Resilience – the Core of Today’s Business Strategy

by Kathleen Gramzay

Undoubtedly, the COVID-19 pandemic marked a turning point for both humanity and business. The scale of uncertainty, loss and prolonged threat to physical and financial well-being left deep imprints of chronic stress at a neurological level.

The continuing ripple effects on business and society become more apparent when the consequences of chronic stress on the mind, emotions, behavior and health are comprehended. These ripple effects manifest in a myriad of challenges that leaders currently confront: employee burnout; production disruptions; retention and recruitment hurdles; escalating healthcare expenses; and demands for broader benefits, a more inclusive culture and engagement in social responsibility.

At the heart of a sustainable, resilient organization lie resilient individuals. The essence of a resilient human being lies in a healthy nervous system and the ability to respond rather than react to stressors. Advocating for individual resilience as a core organizational principle provides pragmatic benefits for today and the long term.

Three critical facets of this paradigm shift illustrate why embracing resilience as a core organizational priority is a potent business strategy for sustainability and success.

Mitigating the Ongoing Impact of Chronic Stress and Burnout: According to the Gallup State of the Workplace 2023 Report (, 44% of the global workforce experiences chronic stress or burnout, with rates in the U.S. and Canada reaching 52%. In such a state, individuals’ cognitive abilities, problem-solving skills, health and interpersonal relationships are significantly compromised.

External stressors such as market fluctuations, geopolitical unrest and environmental concerns have become commonplace, exacerbating the underlying sense of insecurity.

Workplace stressors, including increased workloads, communication challenges and a lack of professional development opportunities, further contribute to chronic stress and burnout.

Given the persistence of external stressors, implementing a resilience strategy that enhances individuals’ capacity to manage stress effectively offers a fundamental solution for sustainable success, benefiting both employees and organizations alike.

Balancing the Shift in Power Dynamics: The pandemic precipitated a shift in power dynamics as a decentralized workforce demonstrated its ability to work remotely. The convergence of work and personal lives on virtual platforms brought clarity to individual contributions and priorities, leading to phenomena such as the “great resignation.”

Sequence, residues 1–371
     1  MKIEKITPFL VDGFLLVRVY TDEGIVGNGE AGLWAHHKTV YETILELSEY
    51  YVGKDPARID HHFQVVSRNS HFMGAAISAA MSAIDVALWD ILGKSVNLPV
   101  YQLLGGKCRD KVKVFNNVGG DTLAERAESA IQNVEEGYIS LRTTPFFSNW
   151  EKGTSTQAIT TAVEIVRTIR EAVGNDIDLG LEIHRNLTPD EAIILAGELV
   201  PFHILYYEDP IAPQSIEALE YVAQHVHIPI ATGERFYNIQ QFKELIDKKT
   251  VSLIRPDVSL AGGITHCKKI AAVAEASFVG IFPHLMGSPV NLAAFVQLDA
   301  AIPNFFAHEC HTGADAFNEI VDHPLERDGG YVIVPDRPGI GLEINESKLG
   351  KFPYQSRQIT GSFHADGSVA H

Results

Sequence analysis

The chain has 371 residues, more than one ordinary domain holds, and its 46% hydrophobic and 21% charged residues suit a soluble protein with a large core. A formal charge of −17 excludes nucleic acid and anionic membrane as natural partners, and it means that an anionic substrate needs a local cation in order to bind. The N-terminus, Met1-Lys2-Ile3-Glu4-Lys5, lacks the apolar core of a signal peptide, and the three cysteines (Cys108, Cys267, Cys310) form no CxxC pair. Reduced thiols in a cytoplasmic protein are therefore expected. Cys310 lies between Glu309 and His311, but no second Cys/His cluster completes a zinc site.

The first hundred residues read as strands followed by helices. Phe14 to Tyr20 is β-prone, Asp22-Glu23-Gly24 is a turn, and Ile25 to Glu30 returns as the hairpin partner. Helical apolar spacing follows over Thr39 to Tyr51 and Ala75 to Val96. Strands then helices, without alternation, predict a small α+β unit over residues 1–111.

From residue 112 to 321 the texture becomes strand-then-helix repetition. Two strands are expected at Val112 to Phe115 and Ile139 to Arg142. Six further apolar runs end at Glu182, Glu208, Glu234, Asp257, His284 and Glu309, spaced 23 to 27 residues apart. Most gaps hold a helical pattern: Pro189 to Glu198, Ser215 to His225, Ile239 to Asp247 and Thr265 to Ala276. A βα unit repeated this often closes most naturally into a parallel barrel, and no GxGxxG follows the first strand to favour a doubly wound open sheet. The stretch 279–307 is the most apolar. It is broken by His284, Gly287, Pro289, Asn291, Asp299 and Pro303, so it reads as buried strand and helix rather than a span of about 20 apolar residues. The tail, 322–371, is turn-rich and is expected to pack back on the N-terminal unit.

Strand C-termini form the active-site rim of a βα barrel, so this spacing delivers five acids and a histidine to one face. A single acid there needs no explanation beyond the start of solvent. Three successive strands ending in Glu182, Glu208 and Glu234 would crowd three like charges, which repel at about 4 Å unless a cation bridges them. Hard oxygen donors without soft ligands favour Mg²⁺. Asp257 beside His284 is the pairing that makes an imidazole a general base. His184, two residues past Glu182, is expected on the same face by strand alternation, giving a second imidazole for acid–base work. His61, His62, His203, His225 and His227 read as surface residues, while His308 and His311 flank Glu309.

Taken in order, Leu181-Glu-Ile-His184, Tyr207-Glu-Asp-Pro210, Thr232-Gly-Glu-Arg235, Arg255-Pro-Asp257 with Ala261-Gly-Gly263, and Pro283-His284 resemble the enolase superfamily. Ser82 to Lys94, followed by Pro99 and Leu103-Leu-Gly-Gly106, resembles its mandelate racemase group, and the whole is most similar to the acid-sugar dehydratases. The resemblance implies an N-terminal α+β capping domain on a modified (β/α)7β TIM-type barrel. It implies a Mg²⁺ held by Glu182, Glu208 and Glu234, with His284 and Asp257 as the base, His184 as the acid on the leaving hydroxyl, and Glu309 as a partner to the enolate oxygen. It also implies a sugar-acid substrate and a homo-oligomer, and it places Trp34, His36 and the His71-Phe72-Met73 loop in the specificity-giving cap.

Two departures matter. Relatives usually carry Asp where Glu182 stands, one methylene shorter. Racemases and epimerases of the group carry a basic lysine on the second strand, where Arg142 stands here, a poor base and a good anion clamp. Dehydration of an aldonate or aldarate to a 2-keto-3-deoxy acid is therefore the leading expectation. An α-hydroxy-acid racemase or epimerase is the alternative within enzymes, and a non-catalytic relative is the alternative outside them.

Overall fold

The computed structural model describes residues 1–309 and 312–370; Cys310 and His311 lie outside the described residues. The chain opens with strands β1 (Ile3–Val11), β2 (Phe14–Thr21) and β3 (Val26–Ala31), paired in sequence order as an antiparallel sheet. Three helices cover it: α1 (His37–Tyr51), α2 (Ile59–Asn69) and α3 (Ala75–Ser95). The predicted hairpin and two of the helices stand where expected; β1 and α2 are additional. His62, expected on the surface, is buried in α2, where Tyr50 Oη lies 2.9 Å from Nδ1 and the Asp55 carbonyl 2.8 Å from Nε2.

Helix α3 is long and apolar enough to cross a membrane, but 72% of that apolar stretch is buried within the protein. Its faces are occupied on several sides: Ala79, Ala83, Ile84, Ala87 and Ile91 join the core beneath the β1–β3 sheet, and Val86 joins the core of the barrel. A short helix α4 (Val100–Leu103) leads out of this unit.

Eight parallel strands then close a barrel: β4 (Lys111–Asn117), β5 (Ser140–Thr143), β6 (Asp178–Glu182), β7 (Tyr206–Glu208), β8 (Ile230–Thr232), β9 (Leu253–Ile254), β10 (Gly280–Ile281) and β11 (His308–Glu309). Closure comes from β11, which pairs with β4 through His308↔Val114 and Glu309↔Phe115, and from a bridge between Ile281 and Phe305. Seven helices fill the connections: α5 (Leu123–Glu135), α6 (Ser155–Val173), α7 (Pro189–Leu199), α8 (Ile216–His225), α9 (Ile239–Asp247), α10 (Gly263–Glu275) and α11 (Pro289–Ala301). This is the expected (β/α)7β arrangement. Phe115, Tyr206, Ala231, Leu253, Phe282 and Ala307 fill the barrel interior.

Employees now wield greater leverage in negotiating for flexible work arrangements, improved mental health support, a nurturing organizational culture and enhanced diversity and inclusion initiatives.

Cultivating personal and team resilience starting at the executive level serves as the neurological foundation for fostering a healthy, engaged and inclusive workplace culture.

Enhancing Adaptability to Accelerated Change: The pandemic necessitated unprecedented levels of adaptability to accelerated change. However, the anticipated respite to recalibrate has been elusive, with leaders and teams contending with incessant demands for heightened productivity and responsiveness. Striking a sustainable balance that enhances adaptability and the capacity to manage change becomes imperative amidst perpetual expectations for increased output and 24/7 availability.

Implementing a resilience strategy provides leaders with a systemic approach to striking this balance, effectively addressing productivity; retention; recruitment; employee well-being; organizational culture; and diversity, equity and inclusion concerns for long-term organizational sustainability.

Key Components of a Resilience Strategy

Leaders interested in implementing a resilience strategy should consider the following three components and explore design, implementation and training support to mitigate overtaxing internal leaders who may already be stretched thin:

Mitigate chronic (toxic) stress. This can be done by conducting baseline assessments of leaders’ and the workforce’s current resilience levels, particularly focusing on HR, managers and supervisors, and by identifying and addressing process and initiatives frustrations.

Cultivate resilience and trust. To do this, employers need to provide resilience training to equip individuals with self-regulation skills during challenging situations. They should then follow up by assessing and fostering psychological safety within the organization.

Foster a proactive culture of resilience. This requires two steps: securing executive support and budgetary allocations to execute and embed the resilience strategy across the organization, and then evaluating and enhancing existing well-being initiatives and employee assistance programs by offering programs that promote adaptability and destigmatize mental health issues.

Embracing and implementing a resilience strategy represents a holistic approach to effectively aligning the needs of individuals and organizations, fostering greater sustainability for both parties.

Kathleen Gramzay, LMT, is an entrepreneur, body/mind resilience expert, speaker, author, and founder of Kinessage LLC. The Kinessage® methods are taught nationally to transform stress, chronic tension and pain, and increase mental resilience and long-term health for greater well-being and sustainable success. Her programs empower leaders and teams to be present, think more clearly and work more productively, confidently and collaboratively.

Did You Know: Gallup’s 2023 surveys estimate that actively disengaged and low-engagement employees cost the global economy $8.8 trillion, or 9% of global GDP.

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